ON THE WALL: A longtime fixture of the Athens music scene, Jeff Rapier has performed with a handful of bands over the years, including Donkey Punch, American Cheeseburger and The Dumps. Appearing on the cover of this week’s Flagpole holding his portraits of musicians JD Pinkus and Matt Freeman, Rapier has also spent the past few years expanding his creative expression into visual art-making. Currently on view at Flicker Theatre and Bar, his first-ever exhibition pays tribute to both the musical legends who influenced him as well as the dear friends who keep him going.
Turned on to music as a kid, Rapier discovered punk and alt-rock during his teenage years and moved to Athens at the age of 18, where he quickly fell in with kindred spirits. While always fascinated with art, it wasn’t until 2018 that Rapier began creating paintings of his own. After he was sidelined with a knee injury, his girlfriend at the time gave him a set of watercolors, pencils and paper. With not much else to do at the time but draw, he quickly fine-tuned his unique approach of quick, loose brushstrokes.
Heavily inspired by rock poster art, other influences include MAD magazine, VHS cover art, EC comics, Raymond Pettibon, rock and roll photography and outsider art. Working primarily with ink and pencil, Rapier references photographs to help get his portraits just right. Some reveal his personal tastes in music, like David Bowie, Lemmy Kilmister (Motörhead), Mark Lanegan (Screaming Trees) and New Bomb Turks. Many are inspired by friends and fellow local musicians, such as Jason “Mohawk” Richardson (Savagist), Johnny Ray (Ratio Podcast), Jack Slayton, Chris McNeal (Maserati), Nick Bielli and Kevin Sweeney (Hayride), Christian DeRoeck (Little Gold) and Jim Wilson (Los Cantares).
“If I got someone on my mind and I’m in that focused mood, or if I’m obsessed with a song or artist, boom,” says Rapier. “No method to the madness. It’s like a song stuck in your head, and you have to listen to it to purge it.”
Though managing symptoms of bipolar disorder, ADHD, depression and insomnia, Rapier has found making visual art to be a positive outlet for exploring ideas and processing experiences.
“I get hyper focused when I’m on the upside, and have to fill the hours, funnel the energy into something positive so I don’t spiral down,” says Rapier. “It’s a ball of energy that I would rather focus on the positive.”
Rapier’s artworks are joined on Flicker’s iconic orange wall by those of Gary Autry, a friend he first met in 1998 while working together during third shift at The Grill. When Autry relocated back to the South after a number of years spent in California, the two made a pact to do something awesome together, and here they are.
Autry’s distinct style vibrates with hallucinogenic energy. Rather than following the traditional approach of filling spaces in with solid colors, dizzying lines zig-zag and swirl their way across the images to add pattern and detail. These stripes of color guide the eye around geometric forms and are capable of drawing the viewer deep into a meditative headspace. Unusually, Autry often illustrates his works using Posca pens on top of black backgrounds, creating visual depth. Rapier and Autry’s artwork will remain on view through the end of June.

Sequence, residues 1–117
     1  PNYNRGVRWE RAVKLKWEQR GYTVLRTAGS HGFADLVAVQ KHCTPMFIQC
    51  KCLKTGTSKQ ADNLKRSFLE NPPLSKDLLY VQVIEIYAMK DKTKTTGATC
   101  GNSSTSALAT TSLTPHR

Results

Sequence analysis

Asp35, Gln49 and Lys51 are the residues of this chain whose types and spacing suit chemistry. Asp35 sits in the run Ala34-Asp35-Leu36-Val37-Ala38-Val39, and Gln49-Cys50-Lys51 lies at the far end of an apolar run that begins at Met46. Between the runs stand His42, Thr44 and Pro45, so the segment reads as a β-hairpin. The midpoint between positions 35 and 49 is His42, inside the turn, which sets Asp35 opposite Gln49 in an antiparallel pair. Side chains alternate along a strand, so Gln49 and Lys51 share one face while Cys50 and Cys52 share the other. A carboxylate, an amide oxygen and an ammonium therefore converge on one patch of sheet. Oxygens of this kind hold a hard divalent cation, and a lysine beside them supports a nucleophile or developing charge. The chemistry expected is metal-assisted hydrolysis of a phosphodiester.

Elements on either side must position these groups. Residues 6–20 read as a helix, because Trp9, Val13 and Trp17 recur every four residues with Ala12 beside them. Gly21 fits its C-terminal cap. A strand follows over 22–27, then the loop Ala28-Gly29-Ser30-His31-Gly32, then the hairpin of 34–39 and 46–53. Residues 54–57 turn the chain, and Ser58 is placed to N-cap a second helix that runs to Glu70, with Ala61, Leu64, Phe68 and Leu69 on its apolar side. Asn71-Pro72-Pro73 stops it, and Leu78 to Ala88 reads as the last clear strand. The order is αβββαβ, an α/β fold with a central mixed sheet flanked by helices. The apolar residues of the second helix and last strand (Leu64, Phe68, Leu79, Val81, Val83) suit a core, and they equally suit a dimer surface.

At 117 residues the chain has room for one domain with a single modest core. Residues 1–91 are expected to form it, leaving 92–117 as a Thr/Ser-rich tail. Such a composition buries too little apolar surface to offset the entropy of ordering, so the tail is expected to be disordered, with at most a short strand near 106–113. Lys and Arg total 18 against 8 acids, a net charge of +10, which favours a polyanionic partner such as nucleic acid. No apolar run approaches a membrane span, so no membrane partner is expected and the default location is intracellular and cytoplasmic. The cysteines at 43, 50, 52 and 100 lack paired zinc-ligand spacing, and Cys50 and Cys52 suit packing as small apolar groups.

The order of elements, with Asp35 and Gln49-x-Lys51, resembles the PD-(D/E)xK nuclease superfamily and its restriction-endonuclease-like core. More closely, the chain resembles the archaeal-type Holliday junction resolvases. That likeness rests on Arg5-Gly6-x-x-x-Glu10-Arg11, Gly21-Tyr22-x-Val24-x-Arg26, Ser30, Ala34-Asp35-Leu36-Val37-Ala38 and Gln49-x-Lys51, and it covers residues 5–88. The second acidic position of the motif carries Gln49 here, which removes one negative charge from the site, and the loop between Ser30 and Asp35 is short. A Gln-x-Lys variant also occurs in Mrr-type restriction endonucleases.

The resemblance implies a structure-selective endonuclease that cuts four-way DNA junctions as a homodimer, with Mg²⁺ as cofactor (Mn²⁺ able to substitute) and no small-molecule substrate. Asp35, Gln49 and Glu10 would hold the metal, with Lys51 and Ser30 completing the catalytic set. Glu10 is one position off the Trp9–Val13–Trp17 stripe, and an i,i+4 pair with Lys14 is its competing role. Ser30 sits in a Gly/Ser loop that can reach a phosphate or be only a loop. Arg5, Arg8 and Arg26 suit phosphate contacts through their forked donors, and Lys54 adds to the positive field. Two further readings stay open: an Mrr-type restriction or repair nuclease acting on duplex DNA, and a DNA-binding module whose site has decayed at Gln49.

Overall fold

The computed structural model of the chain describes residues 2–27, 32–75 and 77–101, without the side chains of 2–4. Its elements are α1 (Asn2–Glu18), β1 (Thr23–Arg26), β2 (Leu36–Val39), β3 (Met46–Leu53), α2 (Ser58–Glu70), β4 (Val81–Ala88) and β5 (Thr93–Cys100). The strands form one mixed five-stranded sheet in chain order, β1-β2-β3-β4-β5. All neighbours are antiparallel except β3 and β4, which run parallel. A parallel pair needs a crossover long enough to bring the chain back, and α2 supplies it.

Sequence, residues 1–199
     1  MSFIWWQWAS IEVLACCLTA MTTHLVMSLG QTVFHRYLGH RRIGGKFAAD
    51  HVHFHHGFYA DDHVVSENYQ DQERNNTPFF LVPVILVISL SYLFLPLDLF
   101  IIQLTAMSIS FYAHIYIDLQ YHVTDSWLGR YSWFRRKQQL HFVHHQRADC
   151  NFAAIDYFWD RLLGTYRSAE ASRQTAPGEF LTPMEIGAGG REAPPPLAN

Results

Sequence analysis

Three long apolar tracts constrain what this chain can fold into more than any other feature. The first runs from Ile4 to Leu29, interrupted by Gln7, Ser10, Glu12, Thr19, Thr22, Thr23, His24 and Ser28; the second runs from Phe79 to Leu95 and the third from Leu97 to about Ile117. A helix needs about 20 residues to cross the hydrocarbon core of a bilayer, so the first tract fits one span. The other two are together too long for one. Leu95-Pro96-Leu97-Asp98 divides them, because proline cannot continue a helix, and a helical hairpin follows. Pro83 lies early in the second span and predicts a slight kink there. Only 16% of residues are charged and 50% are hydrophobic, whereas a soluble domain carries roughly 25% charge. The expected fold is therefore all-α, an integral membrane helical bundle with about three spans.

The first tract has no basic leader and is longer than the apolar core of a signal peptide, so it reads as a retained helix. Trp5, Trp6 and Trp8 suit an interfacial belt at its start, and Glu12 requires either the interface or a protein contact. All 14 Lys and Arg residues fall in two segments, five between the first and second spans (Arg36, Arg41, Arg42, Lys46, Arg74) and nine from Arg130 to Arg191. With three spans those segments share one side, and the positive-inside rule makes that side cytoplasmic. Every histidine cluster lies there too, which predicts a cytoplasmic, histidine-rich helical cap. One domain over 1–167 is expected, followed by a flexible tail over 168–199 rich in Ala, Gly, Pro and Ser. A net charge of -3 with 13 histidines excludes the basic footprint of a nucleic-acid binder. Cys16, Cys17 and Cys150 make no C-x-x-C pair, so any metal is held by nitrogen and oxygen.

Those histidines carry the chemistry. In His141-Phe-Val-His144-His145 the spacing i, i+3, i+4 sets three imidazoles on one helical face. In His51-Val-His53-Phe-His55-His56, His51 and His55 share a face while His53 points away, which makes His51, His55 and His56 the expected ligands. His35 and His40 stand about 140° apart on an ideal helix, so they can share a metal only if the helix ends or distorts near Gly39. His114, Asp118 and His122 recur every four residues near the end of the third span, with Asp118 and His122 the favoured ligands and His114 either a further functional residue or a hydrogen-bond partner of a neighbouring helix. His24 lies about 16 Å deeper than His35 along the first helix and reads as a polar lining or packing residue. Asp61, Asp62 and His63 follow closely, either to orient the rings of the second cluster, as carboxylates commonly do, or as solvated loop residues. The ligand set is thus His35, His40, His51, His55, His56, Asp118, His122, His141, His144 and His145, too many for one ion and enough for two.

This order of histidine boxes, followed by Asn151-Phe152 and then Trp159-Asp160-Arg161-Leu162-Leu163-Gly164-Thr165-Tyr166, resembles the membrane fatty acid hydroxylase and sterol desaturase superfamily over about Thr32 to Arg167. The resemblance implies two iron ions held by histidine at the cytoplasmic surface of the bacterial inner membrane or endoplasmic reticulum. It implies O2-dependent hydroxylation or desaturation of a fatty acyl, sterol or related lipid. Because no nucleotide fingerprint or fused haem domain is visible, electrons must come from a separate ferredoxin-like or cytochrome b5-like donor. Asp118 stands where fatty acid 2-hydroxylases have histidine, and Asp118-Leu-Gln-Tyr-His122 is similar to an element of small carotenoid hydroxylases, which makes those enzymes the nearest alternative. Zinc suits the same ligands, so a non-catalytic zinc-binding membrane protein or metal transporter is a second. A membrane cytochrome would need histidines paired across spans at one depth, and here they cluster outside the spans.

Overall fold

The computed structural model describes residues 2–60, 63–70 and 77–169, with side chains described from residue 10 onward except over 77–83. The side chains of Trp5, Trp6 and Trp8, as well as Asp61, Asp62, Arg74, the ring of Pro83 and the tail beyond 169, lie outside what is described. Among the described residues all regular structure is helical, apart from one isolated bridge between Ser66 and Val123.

ON THE STAGE: Best known for his work with psych-punk legends Butthole Surfers, bassist Jeff “JD” Pinkus will perform on banjo in conjunction with an art reception for Rapier and Autry at Flicker on Friday, June 17 at 7 p.m. The show can be considered something of a homecoming for Pinkus, who briefly found himself immersed in the ‘80s Athens music scene as a teenager before getting recruited by the Butthole Surfers and eventually following the band back to its home base in Texas. Active in Butthole Surfers from 1985–1994, Pinkus went on to play with Daddy Longhead, Areola 51, Honky and Pure Luck as well as west coast sludge metal wizards Melvins.
As the story goes, after 35 years in Austin, TX, Pinkus packed up his wife, dogs, banjo and a bag of mushrooms, then headed to the Appalachian mountains of Western North Carolina roughly two years ago. He’s currently touring behind his second solo “spacegrass” banjo album, Fungus Shui, which was released last August via Shimmy-Disc, a label run by fellow Butthole Surfers alumnus Mark Kramer. Written, recorded and mixed by himself at Plastic Cannon Studio in Asheville, NC, the album is equal parts bluegrass and psychedelic folk, using his pedalboard to twist and warp the perception of time and sound. His trippy freak-banjo style combines elements of nostalgic Americana with gritty punk rock rawness.
The lineup for this evening also includes Vansplainer, a trio composed of members from The Dictatortots who play a heavy, pummeling concoction of sludge metal and stoner rock. Rounding out the night is Electric Dreamz Karaoke.
WHO: JD Pinkus, Vansplainer, Electric Dreamz
WHEN: Friday, June 17, 7 p.m. (doors)
WHERE: Flicker Theatre & Bar
HOW MUCH: $10 (adv.), $15
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